Update on penguin rescue efforts from oil spill in south Atlantic
Originally posted on Daily Kos. Reprinted here with permission at our request. - GH
This is a follow-up to an earlier diary about the threat posed by oil spilled by a freighter that broke up off Nightingale Island, home to approximately half of the world's endangered Northern Rockhopper penguin population.
Here is a brief recap of key events. On March 16, for reasons no one has been able to determine, a fully loaded freighter containing soybeans slammed into the rocks off Nightingale Island in the Tristan da Cunha archipelago (a World Heritage site) in the south Atlantic. The freighter broke in half and sank, dumping at least 1500 tons of fuel oil in the seas, which formed a heavy oil slick around the island, threatening marine life. The penguins attracted the most attention as they are a critically endangered. Because of the remote location, it took wildlife rescue teams nearly a week to reach the island by boat and set up operations. Wildlife biologists estimate that half of the 20,000 penguin colony have had some exposure to the oil and over 300 oiled penguins have already died.
One of thousands of Rockhopper penguins found oiled
"Unlike previous spills of this size, it didn't happen way out to sea and gradually approach such a vital conservation area. It struck right at the heart of the penguin colony and it's devastating to them."
- Sarah Sanders, Royal Society for the Preservation of Birds
Thanks to outreach and updates by marine biologist David Guggenheim, the difficult wildlife rescue operation is starting to get broader attention by NGOs and the media. CNN has finally covered the story.
This tragedy has been filled with unsung acts of heroism large and small. I want to sing their praises.
Shortly after the freighter ran aground, the cruise ship Prince Albert and fishing vessel Edinburgh responded to the distress signal and assisted in the difficult task of evacuating the 22 crew members of the MS Oliva (Valetta) before it broke apart and sank. A rescue team from the Prince Albert used small pontoon vessels to reach the stricken ship, navigating rough seas and rocks in the process. The crew members were brought to the Edinburgh, which was small enough to dock on the island.
The residents of the island and the wildlife rescue teams have been working around the clock to save the penguins and other marine animals affected by the oil. There are four major tasks required to save the penguin colony and other affected wildlife.
(1) Locate and retrieve oiled animals. This means using small boats in heavy seas to find the animals in the water, on rocks, and in remote coves. While plucking the penguins from the water is relatively easy, getting to the animals on sea-splashed and oil-covered rocks is quite another matter.
At last report, over 3000 oiled penguins have been rescued, along with sea birds and seals.
(2) Treat the affected animals as quickly as possible to reduce ingestion of oil. This requires washing the feathers with detergent to remove oil and then coaxing them to drink fluids, vitamins and charcoal to absorb ingested oil. It is a labor of love that means working every waking hour for the residents and several dozen wildlife rescue specialists. (Pictures of the treatment teams in action.)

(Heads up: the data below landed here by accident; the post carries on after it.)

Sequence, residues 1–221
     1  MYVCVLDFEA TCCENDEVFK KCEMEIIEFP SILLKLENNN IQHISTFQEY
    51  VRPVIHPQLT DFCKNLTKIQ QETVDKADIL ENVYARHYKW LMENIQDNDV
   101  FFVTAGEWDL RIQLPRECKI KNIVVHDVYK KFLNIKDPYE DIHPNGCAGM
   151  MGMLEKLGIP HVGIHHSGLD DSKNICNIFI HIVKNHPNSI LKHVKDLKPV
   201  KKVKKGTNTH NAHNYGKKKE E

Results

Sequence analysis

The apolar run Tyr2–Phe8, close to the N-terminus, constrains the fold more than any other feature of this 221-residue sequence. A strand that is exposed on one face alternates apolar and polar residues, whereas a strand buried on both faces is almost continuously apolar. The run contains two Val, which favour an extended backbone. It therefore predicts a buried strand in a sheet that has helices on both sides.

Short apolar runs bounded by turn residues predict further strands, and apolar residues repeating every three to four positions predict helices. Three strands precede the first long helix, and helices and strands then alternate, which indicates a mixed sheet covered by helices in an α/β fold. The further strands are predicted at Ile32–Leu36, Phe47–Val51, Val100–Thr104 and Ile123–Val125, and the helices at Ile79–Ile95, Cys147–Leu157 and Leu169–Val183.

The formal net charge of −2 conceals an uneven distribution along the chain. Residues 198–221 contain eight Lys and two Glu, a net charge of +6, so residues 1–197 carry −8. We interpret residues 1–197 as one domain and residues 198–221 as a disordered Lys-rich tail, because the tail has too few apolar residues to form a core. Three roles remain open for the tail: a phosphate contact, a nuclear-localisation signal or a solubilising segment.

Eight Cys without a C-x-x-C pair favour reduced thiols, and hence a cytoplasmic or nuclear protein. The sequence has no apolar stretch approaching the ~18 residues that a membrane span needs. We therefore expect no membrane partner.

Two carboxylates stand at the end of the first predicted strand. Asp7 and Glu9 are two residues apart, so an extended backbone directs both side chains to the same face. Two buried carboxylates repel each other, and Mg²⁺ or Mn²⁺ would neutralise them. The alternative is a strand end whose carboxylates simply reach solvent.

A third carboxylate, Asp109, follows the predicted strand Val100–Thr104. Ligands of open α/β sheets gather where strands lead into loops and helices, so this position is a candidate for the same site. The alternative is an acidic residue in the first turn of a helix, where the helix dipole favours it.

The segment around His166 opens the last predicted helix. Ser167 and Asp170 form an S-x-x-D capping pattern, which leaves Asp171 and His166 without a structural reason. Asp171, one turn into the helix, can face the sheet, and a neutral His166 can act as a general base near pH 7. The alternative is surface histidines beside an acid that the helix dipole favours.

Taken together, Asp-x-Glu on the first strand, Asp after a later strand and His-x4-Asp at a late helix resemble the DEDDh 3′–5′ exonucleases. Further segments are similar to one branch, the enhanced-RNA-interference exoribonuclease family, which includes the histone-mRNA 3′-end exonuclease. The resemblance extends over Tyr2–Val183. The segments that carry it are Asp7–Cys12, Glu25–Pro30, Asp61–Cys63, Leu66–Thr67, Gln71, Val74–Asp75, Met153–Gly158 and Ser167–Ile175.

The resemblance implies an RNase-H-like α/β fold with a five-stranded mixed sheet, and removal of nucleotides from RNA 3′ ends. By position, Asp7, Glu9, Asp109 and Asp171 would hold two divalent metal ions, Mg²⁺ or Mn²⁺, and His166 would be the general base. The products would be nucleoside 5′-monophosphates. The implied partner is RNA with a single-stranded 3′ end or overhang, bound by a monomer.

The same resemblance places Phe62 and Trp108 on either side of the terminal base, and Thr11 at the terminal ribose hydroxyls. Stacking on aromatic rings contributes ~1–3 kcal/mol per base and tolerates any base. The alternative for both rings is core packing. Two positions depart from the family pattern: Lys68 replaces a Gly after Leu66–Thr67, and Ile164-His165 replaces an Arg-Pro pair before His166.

The more severely affected penguins and other sea birds are being taken to warehouses and specially built sheds. These animals require more care and observation. They also must be kept warm with heaters or infrared bulbs to prevent pneumonia. The freighter crew has been spending their time building the pens and rehabilitation sheds.
(3) Pen and house the rest of colony to prevent exposure to oil. With molting season ending, the penguins' instinct is to head for the seas to forage for food.
(4) Feed the entire colony of 20,000 penguins. A large fishing vessel has been working continuously since the crisis began to fish for the penguins. The seas have been particularly rough and island residents have emptied their freezers to feed the birds. By the way, fishing is the primary occupation among residents. When they donate the contents of their freezers, they are emptying their own larders and wallets.
The penguins may be hungry, but they are not used to being fed by humans. It is an exercise in building trust.
"We need help," said Katrine Herian, a spokeswoman for the Royal Society for the Protection of Birds who is also apart of the ongoing rescue effort.
"The priority is to get food into the birds as they are very hungry," she said. "We are trying locally caught fish and some are starting to take small half-inch squares of the food."
The first salvage ship has now arrived. Removing the pieces of the partially sunken freighter will undoubtedly entail skill and a bit of courage. The wreckage lies in shallow and rocky waters.
Every single story I have read makes the same statement. The accident is still under investigation. Transport Malta, which regulates ships registered in Malta, is conducting the investigation. That means the final act of courage will be to tell the truth. Roger Cuthbert, one of the marine biologists on the scene put it best. "How a modern and fully-laden cargo vessel can sail straight into an island beggars belief."
For more information
The Ocean Foundation has set up a collection site to assist with the rescue efforts.
The Ocean Foundation has established the Nightingale Island Disaster Penguin and Seabird Rescue Fund and your tax-deductible donations will go directly to assist the teams at Nightingale Island, Tristan da Cunha and Inaccessible Island working to rescue and rehabilitate endangered penguins and other seabirds. Your help is very urgently needed!